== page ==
February 20, 2013
Byzantine is back with new album, new attitude
No label, no money, no problem. Charleston metal band Byzantine will release its first full-length record in five years with shows this weekend in Huntington and Morgantown. (David Stephenson photo)
Advertiser

WANT TO GO?

Byzantine CD release show

With Nation, DeadFaceDown and Among The Dead

WHEN: 10 p.m. Saturday (doors open at 8 p.m.)

WHERE: The V Club, 741 6th Ave., Huntington

COST: $12 advance, $15 day of show

INFO: www.vclublive.com or 304-781-0680

 

CHARLESTON, W.Va. -- These days, Byzantine's story begins when it once seemingly ended: January 2008.

The Charleston metal band had just released "Oblivion Beckons" on L.A.-based Prosthetic Records, then broke up days later due to internal and external factors. After a few major-label releases and tours with huge metal bands in the United States and Europe, the band was done.

Fast forward to now.

Byzantine's new self-titled, fan-funded album and its singles, "Signal Path" and "Soul Eraser," are cracking Top 10 lists populated by major-label bands. The nine-song record, Byzantine's fourth studio effort reached No. 11 on the Sirius XM Liquid Metal Top 20 Most Played Albums, ahead of bands like Stone Sour and Down.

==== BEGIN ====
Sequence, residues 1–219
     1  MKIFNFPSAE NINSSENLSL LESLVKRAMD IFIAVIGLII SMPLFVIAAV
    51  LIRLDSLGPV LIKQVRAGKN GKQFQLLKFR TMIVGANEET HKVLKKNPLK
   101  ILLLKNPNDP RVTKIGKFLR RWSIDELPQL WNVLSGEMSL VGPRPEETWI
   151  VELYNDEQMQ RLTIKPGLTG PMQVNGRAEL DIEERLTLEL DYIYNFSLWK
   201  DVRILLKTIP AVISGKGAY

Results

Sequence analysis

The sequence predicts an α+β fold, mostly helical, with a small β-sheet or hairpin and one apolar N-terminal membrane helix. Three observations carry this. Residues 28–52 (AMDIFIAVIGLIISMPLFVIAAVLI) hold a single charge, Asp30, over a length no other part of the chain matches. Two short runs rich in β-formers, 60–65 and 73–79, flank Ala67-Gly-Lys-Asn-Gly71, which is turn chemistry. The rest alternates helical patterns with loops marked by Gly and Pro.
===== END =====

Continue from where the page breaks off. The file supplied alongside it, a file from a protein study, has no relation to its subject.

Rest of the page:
The response from fans, critics and fellow musicians to the new material has been overwhelming, said singer and rhythm guitarist Chris Ojeda.

"People are picking up on this stuff; it's crazy," he said. "I have a friend who plays in Five Finger Death Punch who just emailed me last night saying they have got to have the new album. All these bigger bands, everybody's hearing it, and I think they're hearing that chemistry that never left."

Byzantine will officially release the album Tuesday, preceded by shows at The V Club in Huntington on Saturday and 123 Pleasant Street in Morgantown on Sunday.

The band is running things itself now. Albums and merchandise ship from Ojeda's basement. The musician, who also runs his own home improvement business, said the DIY method is a fun challenge that puts him in direct contact with Byzantine's fans.

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